State bill could reintroduce two-tiered education
California Community College constituents are balking at an impending state bill that could create a two-tiered pilot program at select colleges across the state, reminiscent of the prospect of contract education rejected by protesters met with pepper spray at Santa Monica College last year. Assembly Bill 955 approves an extension program during a college’s winter and summer sessions. Once the trial period ends on Jan. 1, 2018, colleges across the state could choose to implement the program or not.
From the colleges to the chancellor’s office, the resistance to AB 955 has been felt statewide.
“I don’t know that it really does anything for students,” said Vincent Stewart, vice-chancellor of government relations for the CCC Chancellor’s Office.
Stewart said that the CCC Board of Governors was consulted in the early stages of the bill, but as the board expressed opposition to the program, they were no longer considered.
The bill states that the extension program would be maintained without the approval of the CCC BOG.
The bill lists six colleges eligible to participate in the new program if they choose to do so from 2014 to 2018. After the four-year trial period, the rest of the California community colleges can decide whether or not to implement the extension program.
But two of the colleges listed did not end up meeting eligibility requirements, and two other colleges have said they are not interested.
Long Beach City College, one of the six eligible colleges, is the only one who has expressed interest in bringing the program to their school. However, just last week, students of the college protested in opposition of AB 955.
None of the eligible colleges have yet confirmed implementing of the extension program.
The SMC Faculty Association showed their disapproval of AB 955 when earlier this year, they gave money to the Faculty Association of California Community Colleges to hire a lobbyist to fight the bill.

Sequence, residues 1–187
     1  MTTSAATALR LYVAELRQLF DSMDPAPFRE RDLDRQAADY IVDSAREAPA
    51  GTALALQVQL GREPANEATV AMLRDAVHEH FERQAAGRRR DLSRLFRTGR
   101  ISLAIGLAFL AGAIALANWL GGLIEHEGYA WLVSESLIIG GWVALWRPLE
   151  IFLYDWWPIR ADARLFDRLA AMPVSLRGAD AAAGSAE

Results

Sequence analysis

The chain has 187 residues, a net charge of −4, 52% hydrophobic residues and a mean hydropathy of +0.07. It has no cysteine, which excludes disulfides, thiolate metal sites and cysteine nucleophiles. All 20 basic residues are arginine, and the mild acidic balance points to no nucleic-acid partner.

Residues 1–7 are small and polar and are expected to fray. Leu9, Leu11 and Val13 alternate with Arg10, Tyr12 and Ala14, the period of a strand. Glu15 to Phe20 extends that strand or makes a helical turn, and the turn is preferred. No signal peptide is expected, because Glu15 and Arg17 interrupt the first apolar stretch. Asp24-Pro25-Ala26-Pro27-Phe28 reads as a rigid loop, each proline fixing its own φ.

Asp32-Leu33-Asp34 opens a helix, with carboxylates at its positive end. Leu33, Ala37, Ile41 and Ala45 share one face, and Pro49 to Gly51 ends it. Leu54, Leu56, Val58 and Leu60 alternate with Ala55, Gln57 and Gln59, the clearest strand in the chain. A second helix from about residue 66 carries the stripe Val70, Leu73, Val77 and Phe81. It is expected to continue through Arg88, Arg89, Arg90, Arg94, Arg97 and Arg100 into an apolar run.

AB 955 would not influence SMC immediately until after four-year trial period.
“Our biggest fear right now is in the future,” said Associated Students President Ty Moura.
At a recent AS board meeting, directors voted against supporting the bill. A letter was sent to the Capitol by Moura on behalf of the AS, urging Gov. Jerry Brown to veto the bill.
Student Trustee Jesse Ramirez also sent a letter on behalf of the AS.
“We are opposed because this legislation goes against the philosophy of the community college mission of open, equal access for all,” wrote Ramirez in the letter.
“This is a community college,” Moura said. “This is the place for those who cannot afford. Those who can afford have so many opportunities.”
Similar thoughts guided protesters at SMC last year, when the SMC Board of Trustees proposed contract education, and protesters were pepper sprayed by police outside the doors of a BOT meeting.
“The administration in general, they learned with what happened, and they just don’t want that same confusion happening on campus again,” Moura said, referring to the pepper-spray incident.
However, it does not look like talk of two-tiered education is coming back to SMC anytime soon.
“It is not necessarily beneficial because students are getting classes now,” said Bob Isomoto, vice president of business and administration at SMC. “We’re providing enough classes to students.”
Isomoto said the cost of these classes would equal that of international student fees, which is $315 per unit.
“It is a massive fee hike for students,” said Stewart.
A BOG fee waiver would not exempt students from payment, but money made from the extension classes would help reduce costs for students with the waiver.
“This is just a bad, bad policy,” said Moura.